Mom defends daughter's right to blog speech
By Brigitte Ruthman
Sept. 5, 2007
NEW HAVEN -- Poised, intelligent and articulate as she may be, 17-year-old senior Avery Doninger was outside her legal bounds when she used derogatory language to describe administrators at Lewis S. Mills High School, a federal judge has found.
U.S. District Judge Mark R. Kravitz's precedent-setting decision Friday to uphold the school administration's decision to punish Doninger for a blog entry she made outside of school in April chips away at First Amendment rights, her mother Lauren and her attorney Jon L. Schoenhorn said.
Wait... it doesn't stop there.
As punishment, school officials at the 2,843-student kindergarten through 12 school district covering Burlington and Harwinton prohibited Doninger from running for class secretary for a year, a position she had held since her freshman year. Despite the ruling, Doninger would have won her seat back this year because so many students voted for her as a write-in candidate. The school ignored the write-in support, a decision her supporters claim violated their right of free choice. Students were prohibited from wearing T-shirts emblazoned with "Team Avery."
You can read the article in its entirety here.
So, what are the lessons that the school is teaching to its students (and the the court apparently believes should apply to everyone)?
1. You have a first amendment right to free speech as long as you don't offend someone in authority. (Assuming that said authority works for the government.)
2. If you offend someone in authority, that authority has the right to openly discriminate against you and use their power to enforce that discrimination.
3. You may not stand in support of anyone who has offended a shared authority or you will be treated like a co-offender and have your constitutional and positional rights (in this case, the right to participate in school elections and the right to free speech) taken away.
4. The judicial power of school authorities is equivalent to that of local police and magistrates and extends to all spheres of life and not just the area over which they have been hired, appointed or elected to oversee.
5. That we are a government of the government, by the government and for the government.
6. It takes a government to raise a child.
What do the parents of Avery Doninger and the other students at Lewis S. Mills High School have the opportunity to teach their children?
Unjust laws exist: shall we be content to obey them, or shall we endeavor to amend them, and obey them until we have succeeded, or shall we transgress them at once? Men, generally, under such a government as this, think that they ought to wait until they have persuaded the majority to alter them. They think that, if they should resist, the remedy would be worse than the evil. But it is the fault of the government itself that the remedy is worse than the evil. It makes it worse. Why is it not more apt to anticipate and provide for reform? Why does it not cherish its wise minority? Why does it cry and resist before it is hurt? Why does it not encourage its citizens to put out its faults, and do better than it would have them? Why does it always crucify Christ and excommunicate Copernicus and Luther, and pronounce Washington and Franklin rebels?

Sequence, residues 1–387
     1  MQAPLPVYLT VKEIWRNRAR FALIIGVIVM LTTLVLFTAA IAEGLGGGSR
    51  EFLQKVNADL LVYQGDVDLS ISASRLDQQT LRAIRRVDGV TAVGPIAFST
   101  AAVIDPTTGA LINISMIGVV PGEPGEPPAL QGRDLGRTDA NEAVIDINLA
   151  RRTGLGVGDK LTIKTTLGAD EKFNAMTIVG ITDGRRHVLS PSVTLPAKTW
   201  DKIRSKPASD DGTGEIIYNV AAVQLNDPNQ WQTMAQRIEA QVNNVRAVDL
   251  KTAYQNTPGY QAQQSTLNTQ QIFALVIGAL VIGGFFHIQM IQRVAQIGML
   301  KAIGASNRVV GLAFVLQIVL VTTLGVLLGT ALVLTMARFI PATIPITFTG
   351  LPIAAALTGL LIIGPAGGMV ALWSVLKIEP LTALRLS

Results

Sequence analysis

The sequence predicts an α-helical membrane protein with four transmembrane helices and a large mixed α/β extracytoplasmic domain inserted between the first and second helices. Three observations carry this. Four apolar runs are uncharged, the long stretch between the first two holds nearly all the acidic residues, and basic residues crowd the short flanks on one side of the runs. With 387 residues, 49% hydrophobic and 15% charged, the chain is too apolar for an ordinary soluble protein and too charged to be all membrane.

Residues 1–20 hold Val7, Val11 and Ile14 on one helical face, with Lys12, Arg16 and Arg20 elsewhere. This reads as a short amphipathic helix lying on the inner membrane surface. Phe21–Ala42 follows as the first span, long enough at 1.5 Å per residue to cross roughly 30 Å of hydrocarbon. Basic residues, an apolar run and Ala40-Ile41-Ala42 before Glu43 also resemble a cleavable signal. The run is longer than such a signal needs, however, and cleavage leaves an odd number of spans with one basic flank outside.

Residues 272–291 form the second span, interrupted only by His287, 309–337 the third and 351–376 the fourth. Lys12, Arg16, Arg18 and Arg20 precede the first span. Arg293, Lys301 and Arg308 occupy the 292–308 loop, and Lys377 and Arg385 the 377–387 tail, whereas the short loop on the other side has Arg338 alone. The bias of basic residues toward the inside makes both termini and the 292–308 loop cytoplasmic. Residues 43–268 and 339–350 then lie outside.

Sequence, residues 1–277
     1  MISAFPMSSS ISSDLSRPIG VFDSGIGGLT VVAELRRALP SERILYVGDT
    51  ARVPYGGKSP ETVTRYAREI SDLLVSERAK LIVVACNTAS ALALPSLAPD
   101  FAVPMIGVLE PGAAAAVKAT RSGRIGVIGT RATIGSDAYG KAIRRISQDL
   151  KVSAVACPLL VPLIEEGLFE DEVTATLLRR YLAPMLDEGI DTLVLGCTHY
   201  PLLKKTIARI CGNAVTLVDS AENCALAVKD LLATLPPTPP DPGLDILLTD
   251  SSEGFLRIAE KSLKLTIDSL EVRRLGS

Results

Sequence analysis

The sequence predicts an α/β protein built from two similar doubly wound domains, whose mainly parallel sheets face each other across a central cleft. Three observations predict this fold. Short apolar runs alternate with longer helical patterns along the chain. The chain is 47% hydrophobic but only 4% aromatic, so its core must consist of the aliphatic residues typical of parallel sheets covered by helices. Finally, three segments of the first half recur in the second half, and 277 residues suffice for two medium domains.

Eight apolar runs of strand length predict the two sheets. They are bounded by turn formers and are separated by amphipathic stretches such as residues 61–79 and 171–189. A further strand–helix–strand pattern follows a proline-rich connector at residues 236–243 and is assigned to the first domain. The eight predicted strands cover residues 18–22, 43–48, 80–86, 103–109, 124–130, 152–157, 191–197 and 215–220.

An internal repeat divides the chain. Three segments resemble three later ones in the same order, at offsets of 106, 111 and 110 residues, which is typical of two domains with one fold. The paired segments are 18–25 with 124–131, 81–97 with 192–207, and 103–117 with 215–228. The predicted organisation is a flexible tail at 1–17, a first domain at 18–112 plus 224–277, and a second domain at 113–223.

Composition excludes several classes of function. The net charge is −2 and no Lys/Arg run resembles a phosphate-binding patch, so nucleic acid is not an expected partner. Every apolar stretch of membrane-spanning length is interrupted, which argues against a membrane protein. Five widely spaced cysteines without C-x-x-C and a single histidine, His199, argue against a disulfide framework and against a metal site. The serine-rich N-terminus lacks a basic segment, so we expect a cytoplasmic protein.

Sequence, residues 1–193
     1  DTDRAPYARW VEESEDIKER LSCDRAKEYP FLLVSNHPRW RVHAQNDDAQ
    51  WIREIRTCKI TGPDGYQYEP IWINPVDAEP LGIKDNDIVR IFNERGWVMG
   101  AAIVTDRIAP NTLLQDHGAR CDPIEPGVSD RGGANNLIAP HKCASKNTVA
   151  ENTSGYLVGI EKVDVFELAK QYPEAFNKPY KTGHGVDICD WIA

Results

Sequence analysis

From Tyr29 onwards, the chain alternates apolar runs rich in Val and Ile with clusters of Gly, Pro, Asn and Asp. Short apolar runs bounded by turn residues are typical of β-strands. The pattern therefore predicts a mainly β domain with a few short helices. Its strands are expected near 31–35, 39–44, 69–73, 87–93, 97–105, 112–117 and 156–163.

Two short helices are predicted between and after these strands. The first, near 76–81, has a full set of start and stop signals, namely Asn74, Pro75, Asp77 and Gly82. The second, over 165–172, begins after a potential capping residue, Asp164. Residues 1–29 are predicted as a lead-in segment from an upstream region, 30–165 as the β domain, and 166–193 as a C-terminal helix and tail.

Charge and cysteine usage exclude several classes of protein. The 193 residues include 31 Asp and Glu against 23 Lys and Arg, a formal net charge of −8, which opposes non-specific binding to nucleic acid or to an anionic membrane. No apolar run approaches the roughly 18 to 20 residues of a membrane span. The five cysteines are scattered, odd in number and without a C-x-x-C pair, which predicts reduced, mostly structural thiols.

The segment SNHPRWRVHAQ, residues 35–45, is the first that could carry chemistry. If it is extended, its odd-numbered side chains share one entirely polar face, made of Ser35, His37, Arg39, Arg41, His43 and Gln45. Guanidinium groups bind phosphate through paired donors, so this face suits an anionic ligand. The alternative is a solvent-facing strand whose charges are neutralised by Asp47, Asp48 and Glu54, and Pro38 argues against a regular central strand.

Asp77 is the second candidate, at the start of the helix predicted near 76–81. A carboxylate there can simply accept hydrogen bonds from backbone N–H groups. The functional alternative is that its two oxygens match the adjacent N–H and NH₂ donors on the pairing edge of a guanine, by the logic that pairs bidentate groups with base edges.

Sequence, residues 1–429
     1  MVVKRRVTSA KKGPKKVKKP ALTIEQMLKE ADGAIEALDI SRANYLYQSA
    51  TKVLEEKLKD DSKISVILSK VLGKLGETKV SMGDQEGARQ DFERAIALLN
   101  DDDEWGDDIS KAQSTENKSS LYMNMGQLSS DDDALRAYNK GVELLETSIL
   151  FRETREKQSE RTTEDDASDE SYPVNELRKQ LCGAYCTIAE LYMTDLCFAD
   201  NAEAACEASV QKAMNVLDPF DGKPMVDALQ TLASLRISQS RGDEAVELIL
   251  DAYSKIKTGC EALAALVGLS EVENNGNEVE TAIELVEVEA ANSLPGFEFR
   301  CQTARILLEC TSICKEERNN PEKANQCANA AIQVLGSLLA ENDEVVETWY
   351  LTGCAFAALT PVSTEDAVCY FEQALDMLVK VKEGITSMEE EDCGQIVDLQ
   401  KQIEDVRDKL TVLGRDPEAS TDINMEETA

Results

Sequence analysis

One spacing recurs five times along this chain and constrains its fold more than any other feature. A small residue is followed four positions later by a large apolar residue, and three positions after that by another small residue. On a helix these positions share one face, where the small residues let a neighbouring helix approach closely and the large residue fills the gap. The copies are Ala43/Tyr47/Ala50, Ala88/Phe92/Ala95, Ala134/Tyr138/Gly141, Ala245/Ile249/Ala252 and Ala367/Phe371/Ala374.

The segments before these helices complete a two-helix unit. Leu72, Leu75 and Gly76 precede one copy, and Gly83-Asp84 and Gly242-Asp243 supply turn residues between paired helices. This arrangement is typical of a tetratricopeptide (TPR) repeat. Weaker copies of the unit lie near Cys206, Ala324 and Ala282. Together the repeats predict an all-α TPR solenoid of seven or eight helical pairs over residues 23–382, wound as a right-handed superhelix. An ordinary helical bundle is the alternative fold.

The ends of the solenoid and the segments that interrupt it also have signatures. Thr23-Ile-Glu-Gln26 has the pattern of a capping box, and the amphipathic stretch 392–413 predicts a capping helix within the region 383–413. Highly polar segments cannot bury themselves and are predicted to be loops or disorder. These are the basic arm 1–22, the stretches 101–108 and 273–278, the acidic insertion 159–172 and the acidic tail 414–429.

...The authority of government, even such as I am willing to submit to — for I will cheerfully obey those who know and can do better than I, and in many things even those who neither know nor can do so well — is still an impure one: to be strictly just, it must have the sanction and consent of the governed. It can have no pure right over my person and property but what I concede to it. The progress from an absolute to a limited monarchy, from a limited monarchy to a democracy, is a progress toward a true respect for the individual. Even the Chinese philosopher was wise enough to regard the individual as the basis of the empire. Is a democracy, such as we know it, the last improvement possible in government? Is it not possible to take a step further towards recognizing and organizing the rights of man? There will never be a really free and enlightened State until the State comes to recognize the individual as a higher and independent power, from which all its own power and authority are derived, and treats him accordingly. I please myself with imagining a State at last which can afford to be just to all men, and to treat the individual with respect as a neighbor; which even would not think it inconsistent with its own repose if a few were to live aloof from it, not meddling with it, nor embraced by it, who fulfilled all the duties of neighbors and fellow men. A State which bore this kind of fruit, and suffered it to drop off as fast as it ripened, would prepare the way for a still more perfect and glorious State, which I have also imagined, but not yet anywhere seen.- from "On the Duty of Civil Disobedience"
by Henry David Thoreau
HT: Judy at Consent of the Governed